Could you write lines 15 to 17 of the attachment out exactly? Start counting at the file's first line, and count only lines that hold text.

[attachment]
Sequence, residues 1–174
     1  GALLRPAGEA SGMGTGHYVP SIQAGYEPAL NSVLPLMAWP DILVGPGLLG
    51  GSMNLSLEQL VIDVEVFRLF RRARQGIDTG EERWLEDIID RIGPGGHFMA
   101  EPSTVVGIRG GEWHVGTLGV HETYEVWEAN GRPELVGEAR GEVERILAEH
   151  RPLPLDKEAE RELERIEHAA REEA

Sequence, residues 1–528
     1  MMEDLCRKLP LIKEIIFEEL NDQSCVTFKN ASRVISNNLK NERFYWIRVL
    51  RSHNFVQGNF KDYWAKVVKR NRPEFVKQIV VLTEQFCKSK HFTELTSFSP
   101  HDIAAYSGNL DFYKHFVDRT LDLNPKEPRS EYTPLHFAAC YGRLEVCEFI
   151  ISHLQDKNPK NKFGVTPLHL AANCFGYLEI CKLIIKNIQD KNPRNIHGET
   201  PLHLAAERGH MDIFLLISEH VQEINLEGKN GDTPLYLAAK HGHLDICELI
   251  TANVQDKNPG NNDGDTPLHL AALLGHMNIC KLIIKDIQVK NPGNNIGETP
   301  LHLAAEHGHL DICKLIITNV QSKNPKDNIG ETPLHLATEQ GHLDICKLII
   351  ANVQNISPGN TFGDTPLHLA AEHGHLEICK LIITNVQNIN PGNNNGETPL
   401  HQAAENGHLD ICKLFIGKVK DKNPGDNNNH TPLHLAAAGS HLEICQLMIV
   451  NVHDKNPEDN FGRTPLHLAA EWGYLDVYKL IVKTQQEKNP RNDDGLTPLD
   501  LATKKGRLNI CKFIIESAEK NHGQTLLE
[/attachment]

   401  HQAAENGHLD ICKLFIGKVK DKNPGDNNNH TPLHLAAAGS HLEICQLMIV
   451  NVHDKNPEDN FGRTPLHLAA EWGYLDVYKL IVKTQQEKNP RNDDGLTPLD
   501  LATKKGRLNI CKFIIESAEK NHGQTLLE